East Africa Protectorate (also known as British East Africa) was an area in the African Great Lakes
African Great Lakes
occupying roughly the same terrain as present-day Kenya
Kenya
(approximately 639,209 km2 (246,800 sq mi)) from the Indian Ocean inland to Uganda
Uganda
and the Great Rift Valley
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Presidencies And Provinces Of British India
The Provinces of India, earlier Presidencies of British India
India
and still earlier, Presidency towns, were the administrative divisions of British governance in the subcontinent. Collectively, they were called British India. In one form or another, they existed between 1612 and 1947, conventionally divided into three historical periods:During 1612–1757, the East India Company
East India Company
set up "factories" (trading posts) in several locations, mostly in coastal India, with the consent of the Mughal emperors
Mughal emperors
or local rulers. Its rivals were the merchant trading companies of Holland and France. By the mid-18th century, three "Presidency towns": Madras, Bombay, and Calcutta
Calcutta
had grown in size. During the period of Company rule in India, 1757–1858, the Company gradually acquired sovereignty over large parts of India, now called "Presidencies"
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Rhodesia
Rhodesia
Rhodesia
(/roʊˈdiːʒə/) was an unrecognised state in southern Africa from 1965 to 1979, equivalent in territorial terms to modern Zimbabwe. With its capital in Salisbury (now Harare), Rhodesia
Rhodesia
was considered a de facto successor state to the former British colony of Southern Rhodesia
Southern Rhodesia
(which had achieved responsible government in 1923) until 1970, when Rhodesia
Rhodesia
was proclaimed a republic without a monarch. During an effort to delay an immediate transition to black majority rule, Rhodesia's predominantly white government issued its own Unilateral Declaration of Independence (UDI) from the United Kingdom on 11 November 1965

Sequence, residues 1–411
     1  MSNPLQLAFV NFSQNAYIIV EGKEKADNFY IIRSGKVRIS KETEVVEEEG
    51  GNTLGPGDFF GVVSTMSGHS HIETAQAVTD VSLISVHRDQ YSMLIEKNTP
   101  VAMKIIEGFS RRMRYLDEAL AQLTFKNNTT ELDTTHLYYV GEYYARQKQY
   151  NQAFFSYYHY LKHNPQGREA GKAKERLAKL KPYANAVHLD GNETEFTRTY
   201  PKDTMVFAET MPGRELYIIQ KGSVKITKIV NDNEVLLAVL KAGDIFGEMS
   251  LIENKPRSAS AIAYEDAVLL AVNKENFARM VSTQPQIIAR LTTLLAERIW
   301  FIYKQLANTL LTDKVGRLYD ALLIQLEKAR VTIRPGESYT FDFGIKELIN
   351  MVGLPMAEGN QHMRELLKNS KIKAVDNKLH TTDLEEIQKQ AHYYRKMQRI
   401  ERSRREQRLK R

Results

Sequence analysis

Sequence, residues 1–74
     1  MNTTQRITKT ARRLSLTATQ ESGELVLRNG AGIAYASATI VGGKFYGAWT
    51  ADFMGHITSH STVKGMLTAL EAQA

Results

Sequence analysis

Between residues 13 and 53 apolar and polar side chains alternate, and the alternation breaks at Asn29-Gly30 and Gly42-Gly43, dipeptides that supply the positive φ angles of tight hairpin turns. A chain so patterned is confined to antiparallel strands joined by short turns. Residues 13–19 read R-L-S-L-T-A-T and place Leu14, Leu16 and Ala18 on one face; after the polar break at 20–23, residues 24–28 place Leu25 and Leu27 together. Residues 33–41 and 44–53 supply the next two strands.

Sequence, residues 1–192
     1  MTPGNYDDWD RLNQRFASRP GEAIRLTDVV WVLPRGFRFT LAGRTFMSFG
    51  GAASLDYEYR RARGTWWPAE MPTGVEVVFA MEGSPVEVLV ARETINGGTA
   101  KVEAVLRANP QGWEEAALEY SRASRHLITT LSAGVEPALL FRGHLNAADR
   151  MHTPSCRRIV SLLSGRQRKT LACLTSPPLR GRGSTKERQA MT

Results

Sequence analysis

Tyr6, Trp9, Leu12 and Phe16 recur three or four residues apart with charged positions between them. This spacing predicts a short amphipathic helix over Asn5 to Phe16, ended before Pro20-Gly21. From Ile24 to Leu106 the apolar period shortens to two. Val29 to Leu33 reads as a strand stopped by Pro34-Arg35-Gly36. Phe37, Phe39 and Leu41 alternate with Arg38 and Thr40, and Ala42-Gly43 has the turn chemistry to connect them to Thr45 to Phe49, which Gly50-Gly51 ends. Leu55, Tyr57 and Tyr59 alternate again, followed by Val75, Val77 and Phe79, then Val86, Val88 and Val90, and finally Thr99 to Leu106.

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British Malaya
The term British Malaya
British Malaya
loosely describes a set of states on the Malay Peninsula and the island of Singapore
Singapore
that were brought under British control between the 18th and the 20th centuries. Unlike the term "British India", which excludes the Indian princely states, British Malaya is often used to refer to the Malay States
Malay States
under indirect British rule as well as the Straits Settlements that were under the sovereignty of the British Crown. Before the formation of Malayan Union
Malayan Union
in 1946, the territories were not placed under a single unified administration, with the exception during the immediate post-war period when a British military became the temporary administrator of Malaya. Instead, British Malaya comprised the Straits Settlements, the Federated Malay States, and the Unfederated Malay States
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New France
New France
France
(French: Nouvelle-France) was the area colonized by France in North America
North America
during a period beginning with the exploration of the
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British Guiana
Other languages Guyanese Hindustani (Hindi-Urdu) Chinese Yoruba Portuguese DutchGovernment ColonyHistorical era New Imperialism •  Conquered 1796 •  Anglo-Dutch Treaty 13 August 1814 •  Single colony 1831 •  New constitution 1928 •  Independence 26 May 1966Area •  1924 231,804 km2 (89,500 sq mi)Population •  1924 est. 307,391      Density 1/km2 (3/sq mi)Currency Spanish dollar
Spanish dollar
(to